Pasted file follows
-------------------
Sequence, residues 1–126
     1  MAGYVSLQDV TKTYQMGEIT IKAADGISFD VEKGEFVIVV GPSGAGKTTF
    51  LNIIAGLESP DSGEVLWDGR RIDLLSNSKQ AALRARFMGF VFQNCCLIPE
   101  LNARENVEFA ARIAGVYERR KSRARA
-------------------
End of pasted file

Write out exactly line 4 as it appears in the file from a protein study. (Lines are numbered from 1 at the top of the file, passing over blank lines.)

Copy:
   101  LNARENVEFA ARIAGVYERR KSRARA